More Brain and Breath Studies Top Research on Station Today

David Saint-Jacques of the Canadian Space Agency trims NASA astronaut Anne McClain’s hair
The orbital lab becomes a high-flying hair salon as David Saint-Jacques of the Canadian Space Agency trims NASA astronaut Anne McClain’s hair aboard the International Space Station.

The Expedition 59 crew continued more brain and breath research aboard the International Space Station today. Along with a variety of other life science activities, the crew also filmed a virtual reality experience inside the station.

NASA is planning longer human missions, farther out in space and having a safe spacecraft atmosphere to breathe in is vitally important. Flight Engineers Nick Hague and Anne McClain spent most of Thursday helping doctors understand what exacerbates and how to alleviate the inflammation of an astronaut’s airways. The duo worked in the Quest airlock measuring and sampling their breath at a reduced air pressure.

Astronaut Christina Koch carried on today with more brain research then closed out the neuroscientific experiment. She worked with human research gear including the Cardiolab Portable Doppler and the Continuous Blood Pressure Device. The instruments measure blood pressure waveforms in the arteries and blood flow velocity to the brain. The data will help doctors understand how the brain regulates blood flow in microgravity.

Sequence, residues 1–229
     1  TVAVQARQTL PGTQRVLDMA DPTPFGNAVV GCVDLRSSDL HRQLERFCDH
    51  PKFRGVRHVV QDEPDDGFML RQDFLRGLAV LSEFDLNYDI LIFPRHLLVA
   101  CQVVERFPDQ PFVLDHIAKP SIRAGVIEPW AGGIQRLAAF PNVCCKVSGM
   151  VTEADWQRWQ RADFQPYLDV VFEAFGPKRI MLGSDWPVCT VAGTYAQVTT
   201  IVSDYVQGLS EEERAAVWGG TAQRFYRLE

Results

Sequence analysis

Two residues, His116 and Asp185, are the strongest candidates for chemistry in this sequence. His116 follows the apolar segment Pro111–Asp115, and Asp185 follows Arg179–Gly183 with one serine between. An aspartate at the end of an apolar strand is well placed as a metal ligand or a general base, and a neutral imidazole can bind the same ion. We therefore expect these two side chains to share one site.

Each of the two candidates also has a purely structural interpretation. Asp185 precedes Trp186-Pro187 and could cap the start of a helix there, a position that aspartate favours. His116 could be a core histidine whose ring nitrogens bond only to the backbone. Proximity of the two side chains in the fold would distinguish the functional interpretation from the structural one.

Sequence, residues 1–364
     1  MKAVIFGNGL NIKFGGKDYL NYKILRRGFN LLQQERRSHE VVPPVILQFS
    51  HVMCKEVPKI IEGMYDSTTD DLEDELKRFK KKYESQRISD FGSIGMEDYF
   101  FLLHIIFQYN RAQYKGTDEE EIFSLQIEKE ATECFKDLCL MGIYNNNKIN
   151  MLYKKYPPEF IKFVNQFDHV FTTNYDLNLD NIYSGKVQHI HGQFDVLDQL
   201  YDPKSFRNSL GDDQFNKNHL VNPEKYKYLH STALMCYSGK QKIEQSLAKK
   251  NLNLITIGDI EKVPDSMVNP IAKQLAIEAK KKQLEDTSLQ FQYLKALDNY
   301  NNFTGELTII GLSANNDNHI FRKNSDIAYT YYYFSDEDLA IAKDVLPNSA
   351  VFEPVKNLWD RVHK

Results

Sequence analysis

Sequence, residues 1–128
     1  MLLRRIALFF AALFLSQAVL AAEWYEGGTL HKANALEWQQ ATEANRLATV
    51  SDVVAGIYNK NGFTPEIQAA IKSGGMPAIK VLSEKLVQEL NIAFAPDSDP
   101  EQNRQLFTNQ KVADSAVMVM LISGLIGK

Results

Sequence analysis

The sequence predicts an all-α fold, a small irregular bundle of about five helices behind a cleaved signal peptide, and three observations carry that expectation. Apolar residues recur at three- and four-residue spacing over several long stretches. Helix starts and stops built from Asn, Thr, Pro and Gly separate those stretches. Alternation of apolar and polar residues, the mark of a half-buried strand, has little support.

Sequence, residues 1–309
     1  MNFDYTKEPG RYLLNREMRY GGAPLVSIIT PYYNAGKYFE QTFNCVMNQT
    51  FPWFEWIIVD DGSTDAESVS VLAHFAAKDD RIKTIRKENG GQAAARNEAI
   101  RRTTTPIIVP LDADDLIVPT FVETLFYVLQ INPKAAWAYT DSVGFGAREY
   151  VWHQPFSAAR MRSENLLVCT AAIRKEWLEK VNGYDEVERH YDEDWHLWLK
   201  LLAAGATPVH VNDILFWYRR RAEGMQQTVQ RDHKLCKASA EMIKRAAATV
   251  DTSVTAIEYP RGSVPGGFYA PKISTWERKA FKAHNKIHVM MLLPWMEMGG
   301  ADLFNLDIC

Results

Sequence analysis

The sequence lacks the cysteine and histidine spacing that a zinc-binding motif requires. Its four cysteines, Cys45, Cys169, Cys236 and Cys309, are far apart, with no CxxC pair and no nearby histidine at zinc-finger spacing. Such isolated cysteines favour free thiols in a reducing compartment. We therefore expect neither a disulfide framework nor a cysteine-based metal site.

Koch later videotaped herself in virtual reality for a film depicting life on the station. David Saint-Jacques of the Canadian Space Agency set up the 360° camera inside the Unity module that links the station’s U.S. segment with the Russian segment. Saint-Jacques later collected his urine samples for stowage in a science freezer and later analysis.

Cosmonauts Oleg Kononenko and Alexey Ovchinin also explored an array of space phenomena today for the Roscosmos science program. The duo researched cardiovascular activity and enzyme reactions to give doctors better insight into crew health. The cosmonauts also photographed Earth landmarks to help predict catastrophes and studied how space crews relate to mission controllers on the ground.

2 thoughts on “More Brain and Breath Studies Top Research on Station Today”

  1. Just curious; is there any time set aside for space crew for worship? I realize that space crewmembers probably come from many different religious backgrounds, but would love to hear
    how crew members worship. I did notice an icon of the Virgin Mary one time on one of the walls of the ISS; it was a pleasant surprise. I think earth-dwellers would love to hear how they’ve become closer to God by their being in space. Thank you and God bless the crew! What I would definitely buy would be a book about how each crew member gained new insights into our common humanity, and their reflections on life in general, having gone to space.

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